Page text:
“It’s OK, I Can Hire People Who Are Easier to Manage!”

When taking on an existing team as a leader, there are all sorts of complications: learning about the characteristics of the team members; understanding the role and future requirements; making an impact for senior executives.   Leadership can seem like a daunting task sometimes.  And when it comes to the team members, it’s not surprising many leaders think to themselves “do I really have to make all this effort to lead a team effectively”, questioning why people are so different, need different things and seem to confusingly misinterpret communication.

If a leader doesn’t make the effort, then the team will feel misunderstood, under-valued and demotivated.   Unfortunately, these leaders are why many people leave their role, including the top talent.

As you lead a team for longer, the effort is rewarded.  However, those less confident of having the necessary leadership skills could take the longevity of the role in a different direction – to start to hire people more like them.  I am not saying they would deliberately push people out, but over time they would be reducing the number of people causing them higher levels of conflict.

Recent Research by the CIPD showed managers can tend to hire “mini-me’s”.  Unconsciously, we can be biased towards those more like us (cognitive biases) – that’s why we have the friends that we do – but my concern is that this should never become a deliberate strategy when building a team.

There are pros to hiring people more like you, with the potential that they:

  • Appear easier to manage
  • Get the tasks done and are easier to delegate to.
  • Require less stressful and time consuming conflict management.
  • They “fit” in with your view of the company culture.

However, there are far more cons than may seem obvious at first glance:

  • Fairness and favouritism, and potential for discrimination (inc legal issues)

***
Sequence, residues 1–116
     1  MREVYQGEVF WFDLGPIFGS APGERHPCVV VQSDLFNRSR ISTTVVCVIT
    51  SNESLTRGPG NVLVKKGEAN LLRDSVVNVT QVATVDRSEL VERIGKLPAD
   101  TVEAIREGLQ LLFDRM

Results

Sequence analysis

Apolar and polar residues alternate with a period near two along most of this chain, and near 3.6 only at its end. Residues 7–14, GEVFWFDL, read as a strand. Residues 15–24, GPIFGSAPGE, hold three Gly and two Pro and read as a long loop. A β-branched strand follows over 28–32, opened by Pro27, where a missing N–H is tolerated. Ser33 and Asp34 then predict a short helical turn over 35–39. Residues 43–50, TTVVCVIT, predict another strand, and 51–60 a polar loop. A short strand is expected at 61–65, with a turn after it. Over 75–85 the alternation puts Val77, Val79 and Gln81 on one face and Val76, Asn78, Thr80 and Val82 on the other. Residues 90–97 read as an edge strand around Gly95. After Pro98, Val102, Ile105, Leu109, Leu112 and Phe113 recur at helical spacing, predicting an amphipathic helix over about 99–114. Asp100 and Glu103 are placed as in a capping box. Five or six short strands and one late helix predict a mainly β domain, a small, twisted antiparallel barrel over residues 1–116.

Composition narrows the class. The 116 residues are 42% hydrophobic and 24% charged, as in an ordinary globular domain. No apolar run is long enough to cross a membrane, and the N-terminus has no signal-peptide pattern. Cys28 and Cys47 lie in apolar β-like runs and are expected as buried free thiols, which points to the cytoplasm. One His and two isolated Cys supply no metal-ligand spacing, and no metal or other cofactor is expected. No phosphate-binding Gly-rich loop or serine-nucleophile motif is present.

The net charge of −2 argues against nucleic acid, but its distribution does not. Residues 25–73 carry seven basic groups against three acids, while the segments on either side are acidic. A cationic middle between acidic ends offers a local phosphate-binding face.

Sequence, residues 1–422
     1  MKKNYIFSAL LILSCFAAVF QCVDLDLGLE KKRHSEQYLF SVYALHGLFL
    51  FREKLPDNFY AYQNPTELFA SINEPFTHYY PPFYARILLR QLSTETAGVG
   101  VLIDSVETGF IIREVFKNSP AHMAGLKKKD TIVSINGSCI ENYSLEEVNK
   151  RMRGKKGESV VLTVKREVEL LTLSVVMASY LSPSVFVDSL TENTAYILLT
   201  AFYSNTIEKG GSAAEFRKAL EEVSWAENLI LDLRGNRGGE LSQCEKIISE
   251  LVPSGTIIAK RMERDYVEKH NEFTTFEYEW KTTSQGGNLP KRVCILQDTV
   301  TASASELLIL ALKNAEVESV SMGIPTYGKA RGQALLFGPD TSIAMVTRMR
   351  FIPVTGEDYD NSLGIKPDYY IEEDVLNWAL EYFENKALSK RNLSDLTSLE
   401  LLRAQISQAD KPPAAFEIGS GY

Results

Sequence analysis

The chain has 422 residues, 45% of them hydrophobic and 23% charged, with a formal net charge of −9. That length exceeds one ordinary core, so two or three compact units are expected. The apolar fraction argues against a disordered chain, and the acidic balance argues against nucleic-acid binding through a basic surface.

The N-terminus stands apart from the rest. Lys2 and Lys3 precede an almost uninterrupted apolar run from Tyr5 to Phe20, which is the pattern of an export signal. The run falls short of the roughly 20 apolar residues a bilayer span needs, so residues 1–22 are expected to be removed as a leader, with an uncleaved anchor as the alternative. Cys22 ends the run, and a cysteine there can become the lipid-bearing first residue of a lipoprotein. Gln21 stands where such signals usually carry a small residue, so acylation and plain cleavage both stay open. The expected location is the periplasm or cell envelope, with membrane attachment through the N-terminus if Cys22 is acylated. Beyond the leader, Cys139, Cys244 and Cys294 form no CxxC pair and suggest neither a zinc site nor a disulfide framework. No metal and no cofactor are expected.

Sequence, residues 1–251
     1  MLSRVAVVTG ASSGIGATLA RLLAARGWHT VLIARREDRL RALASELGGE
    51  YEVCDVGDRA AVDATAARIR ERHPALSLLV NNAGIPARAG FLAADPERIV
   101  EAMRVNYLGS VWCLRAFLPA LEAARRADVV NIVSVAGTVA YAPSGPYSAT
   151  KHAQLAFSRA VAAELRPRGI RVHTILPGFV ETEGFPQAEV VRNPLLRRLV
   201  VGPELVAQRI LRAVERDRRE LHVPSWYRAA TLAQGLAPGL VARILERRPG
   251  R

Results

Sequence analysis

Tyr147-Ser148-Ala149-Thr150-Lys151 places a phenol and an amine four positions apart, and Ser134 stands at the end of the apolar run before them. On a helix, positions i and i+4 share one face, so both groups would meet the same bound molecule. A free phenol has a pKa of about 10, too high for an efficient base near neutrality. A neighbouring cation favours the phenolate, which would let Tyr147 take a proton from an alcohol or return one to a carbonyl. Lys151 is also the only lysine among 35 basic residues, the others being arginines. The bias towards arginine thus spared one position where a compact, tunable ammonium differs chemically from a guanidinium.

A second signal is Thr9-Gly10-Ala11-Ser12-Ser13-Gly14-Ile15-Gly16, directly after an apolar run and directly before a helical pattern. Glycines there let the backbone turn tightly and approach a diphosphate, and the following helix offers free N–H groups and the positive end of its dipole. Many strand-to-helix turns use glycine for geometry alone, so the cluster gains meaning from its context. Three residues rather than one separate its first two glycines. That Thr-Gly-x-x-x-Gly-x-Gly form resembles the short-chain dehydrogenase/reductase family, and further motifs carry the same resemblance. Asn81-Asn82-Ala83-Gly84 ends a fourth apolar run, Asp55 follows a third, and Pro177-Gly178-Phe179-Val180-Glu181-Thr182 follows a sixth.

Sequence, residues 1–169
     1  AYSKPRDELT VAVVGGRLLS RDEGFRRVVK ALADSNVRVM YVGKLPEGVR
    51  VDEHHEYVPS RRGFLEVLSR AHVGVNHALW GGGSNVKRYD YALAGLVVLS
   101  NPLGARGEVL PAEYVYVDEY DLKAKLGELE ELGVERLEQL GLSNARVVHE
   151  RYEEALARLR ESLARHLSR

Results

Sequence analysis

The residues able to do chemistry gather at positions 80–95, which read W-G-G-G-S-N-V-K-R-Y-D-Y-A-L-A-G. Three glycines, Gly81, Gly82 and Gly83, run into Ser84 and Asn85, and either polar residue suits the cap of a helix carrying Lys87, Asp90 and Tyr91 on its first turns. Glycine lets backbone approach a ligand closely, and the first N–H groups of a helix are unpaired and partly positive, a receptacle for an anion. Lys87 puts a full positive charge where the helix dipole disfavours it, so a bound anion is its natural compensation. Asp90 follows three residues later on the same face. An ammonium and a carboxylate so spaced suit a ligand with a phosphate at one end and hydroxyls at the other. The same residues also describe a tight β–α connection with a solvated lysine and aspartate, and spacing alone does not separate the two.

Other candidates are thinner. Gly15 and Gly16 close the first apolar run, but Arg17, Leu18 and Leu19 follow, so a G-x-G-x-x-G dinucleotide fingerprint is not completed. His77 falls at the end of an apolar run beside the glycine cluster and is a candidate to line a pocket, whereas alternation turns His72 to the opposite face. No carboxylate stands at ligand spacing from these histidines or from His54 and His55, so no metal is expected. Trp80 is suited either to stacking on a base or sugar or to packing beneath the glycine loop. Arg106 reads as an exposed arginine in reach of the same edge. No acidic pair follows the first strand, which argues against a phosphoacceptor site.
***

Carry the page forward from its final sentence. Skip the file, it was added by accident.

• Diminished trust from those not in the inner circle
  • Group-think (and its potential issues from lack of challenge to risky decisions)
  • Reduced creativity and innovation
  • Lack of progress on productivity, efficiency and new products to market.
    • A study in 2013 by the Center for Talent Innovation found that companies with diverse personnel are 75% more likely to see their ideas make it to the marketplace, 70% more likely to go into new markets and 40% more likely to improve market share.
  • Missing valuable input when finding viable solutions to problems.
    • A team with unbalanced characteristics may miss vital information and input eg. some may want to spend time gathering information but resist finishing the project, some may reach conclusions quickly before all the data and possibilities have been explored, some may spend alot of time focussing outwards but neglect internal issues, some may want to develop ideas and plans thoughtfully but may neglect to gather input, involve others in development or communicate sufficiently.
  • Cross-departmental conflict (as there’ll always be different “personality types” in other teams!)
  • Lack of ability to move with the times, as the current “fit” may not take into account what characteristics a workforce needs in a few years time.

“It would be so much easier if everyone seemed to speak the same language!”  But where’s the fun and challenge in that??  The role of a leader is always going to be complicated, by nature of human beings, and I know that many do want to encourage broad thinking and a wider perspective throughout their teams.

My recommendation would be to listen to your inner voice and question whether you’ve ever thought it would be best to only employee like-minded people to your team.  Below are a few things to consider to reduce the risk:

  • Develop self-awareness, leadership and conflict management skills, so that the challenges don’t always seem so daunting.
  • Develop the confidence to listen, make mistakes and encourage people to contribute to discussions.
  • Understand how cognitive biases could be at play in your decision making and team discussions.
  • Review past experiences and notice where someone with a different point of view has challenged the status quo with surprising results.
  • Review your hiring process – could the job specification bias who applies, do you have a standard set of questions so that any “selective hearing/memory” is reduced?

Hiring the right people for your organisation is fundamental, and a diverse team will give you so many added benefits, when you have the ability to lead them effectively.


Please contact us for more information on how executive coaching can help.

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